Hey, that is still good progress. difficult child is learning that you will walk away and not engage him. He is also learning to finally knuckle down and do it.

    You also learned that a common trigger for difficult child is to be told it's wrong. He sounds like he responded out of panic and anxiety as much as anything. And he needed to calm himself down from the anxiety.

    Something to work towards now - later o, when the work is done and he is calm, ask him what upset him. If recalling it begins to make him angry, tell him it's OK, you just wanted to know so you can help him learn how to stay calm. It is a steep learning curve for both of you, and it will take time. Let him know that you are trying to change direction, to find ways to help him learn how to best help himself, and these two days show it is worth the effort. Be gentle and encouraging, but always prepared to walk away or pull back before he rages. As you do this you will learn the early warning signs; over time he also will learn his own early warning signs and will learn to let you know.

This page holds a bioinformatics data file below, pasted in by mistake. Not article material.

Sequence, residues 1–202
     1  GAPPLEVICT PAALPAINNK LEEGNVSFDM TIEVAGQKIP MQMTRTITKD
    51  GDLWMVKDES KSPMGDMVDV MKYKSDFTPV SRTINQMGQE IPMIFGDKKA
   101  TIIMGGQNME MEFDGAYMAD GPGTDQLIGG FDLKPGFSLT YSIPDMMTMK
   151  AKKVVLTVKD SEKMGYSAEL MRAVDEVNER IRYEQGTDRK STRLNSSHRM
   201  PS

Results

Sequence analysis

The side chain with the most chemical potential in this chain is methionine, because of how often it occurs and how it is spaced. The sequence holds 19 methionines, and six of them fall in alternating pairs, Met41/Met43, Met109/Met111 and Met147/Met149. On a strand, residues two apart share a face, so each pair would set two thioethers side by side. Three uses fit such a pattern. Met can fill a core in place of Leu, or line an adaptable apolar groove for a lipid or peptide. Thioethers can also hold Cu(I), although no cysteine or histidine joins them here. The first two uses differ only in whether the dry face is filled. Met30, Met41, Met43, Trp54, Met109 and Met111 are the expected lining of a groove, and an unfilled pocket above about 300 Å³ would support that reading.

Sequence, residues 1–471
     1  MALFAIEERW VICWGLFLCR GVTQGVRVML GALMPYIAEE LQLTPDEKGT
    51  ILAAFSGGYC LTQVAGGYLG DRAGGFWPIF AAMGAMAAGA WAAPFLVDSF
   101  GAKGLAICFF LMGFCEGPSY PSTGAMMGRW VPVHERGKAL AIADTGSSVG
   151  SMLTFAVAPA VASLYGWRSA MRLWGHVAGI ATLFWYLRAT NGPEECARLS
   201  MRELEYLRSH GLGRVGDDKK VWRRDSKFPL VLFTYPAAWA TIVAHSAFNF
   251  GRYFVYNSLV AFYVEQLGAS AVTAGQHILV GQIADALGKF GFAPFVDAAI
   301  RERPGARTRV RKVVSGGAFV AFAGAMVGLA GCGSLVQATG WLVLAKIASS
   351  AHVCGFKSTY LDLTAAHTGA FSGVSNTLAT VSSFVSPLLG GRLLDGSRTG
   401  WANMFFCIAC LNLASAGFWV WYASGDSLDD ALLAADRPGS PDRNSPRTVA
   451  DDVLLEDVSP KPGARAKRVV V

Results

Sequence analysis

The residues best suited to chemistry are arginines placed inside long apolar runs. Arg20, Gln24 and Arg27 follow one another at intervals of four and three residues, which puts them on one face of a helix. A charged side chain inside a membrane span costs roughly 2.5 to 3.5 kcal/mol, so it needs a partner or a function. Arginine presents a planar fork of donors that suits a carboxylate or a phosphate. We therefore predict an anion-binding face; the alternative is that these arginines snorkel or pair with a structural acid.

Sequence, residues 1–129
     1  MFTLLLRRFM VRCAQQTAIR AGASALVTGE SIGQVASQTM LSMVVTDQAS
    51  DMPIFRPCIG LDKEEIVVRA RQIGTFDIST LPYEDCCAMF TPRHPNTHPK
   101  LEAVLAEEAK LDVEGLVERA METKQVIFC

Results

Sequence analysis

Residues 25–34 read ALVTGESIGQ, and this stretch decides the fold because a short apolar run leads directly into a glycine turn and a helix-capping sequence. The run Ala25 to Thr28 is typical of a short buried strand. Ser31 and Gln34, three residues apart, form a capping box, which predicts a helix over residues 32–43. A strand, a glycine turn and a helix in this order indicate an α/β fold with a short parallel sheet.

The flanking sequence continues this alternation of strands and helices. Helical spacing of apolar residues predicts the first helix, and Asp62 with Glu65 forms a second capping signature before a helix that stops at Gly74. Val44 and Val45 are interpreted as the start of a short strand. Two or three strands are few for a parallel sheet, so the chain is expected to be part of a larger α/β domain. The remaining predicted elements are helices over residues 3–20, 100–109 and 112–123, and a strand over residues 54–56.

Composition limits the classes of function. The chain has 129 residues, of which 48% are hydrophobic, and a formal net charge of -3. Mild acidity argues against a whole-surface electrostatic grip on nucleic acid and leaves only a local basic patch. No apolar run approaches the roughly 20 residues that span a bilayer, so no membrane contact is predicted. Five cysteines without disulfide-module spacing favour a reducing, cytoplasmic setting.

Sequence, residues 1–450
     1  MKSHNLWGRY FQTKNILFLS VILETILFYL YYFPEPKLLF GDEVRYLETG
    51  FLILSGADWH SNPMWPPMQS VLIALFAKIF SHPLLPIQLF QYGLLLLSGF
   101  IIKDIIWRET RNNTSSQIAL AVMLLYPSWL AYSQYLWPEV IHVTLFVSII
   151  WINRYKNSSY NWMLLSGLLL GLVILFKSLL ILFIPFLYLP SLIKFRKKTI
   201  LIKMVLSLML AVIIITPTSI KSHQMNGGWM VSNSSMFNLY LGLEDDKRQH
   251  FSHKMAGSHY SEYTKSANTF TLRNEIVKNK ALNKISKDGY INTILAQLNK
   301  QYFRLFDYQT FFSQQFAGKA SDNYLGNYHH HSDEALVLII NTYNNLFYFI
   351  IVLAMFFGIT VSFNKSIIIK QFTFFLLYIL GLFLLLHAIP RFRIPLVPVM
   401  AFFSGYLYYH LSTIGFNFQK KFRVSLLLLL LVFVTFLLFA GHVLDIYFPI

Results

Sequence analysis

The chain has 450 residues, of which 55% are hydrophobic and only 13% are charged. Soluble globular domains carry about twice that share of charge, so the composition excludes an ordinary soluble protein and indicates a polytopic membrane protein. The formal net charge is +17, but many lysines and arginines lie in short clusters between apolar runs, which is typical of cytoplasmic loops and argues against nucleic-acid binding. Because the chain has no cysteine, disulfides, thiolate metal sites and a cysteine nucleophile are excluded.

Great progress!

  3. LittleDudesMom

    LittleDudesMom Well-Known Member Staff Member

    Our kids aren't going to get it right every time and either are we! Don't beat yourself up.

    Homework is a stressors for may kids, difficult child and easy child alike.

    Keep up the good work!

  4. TeDo

    TeDo Guest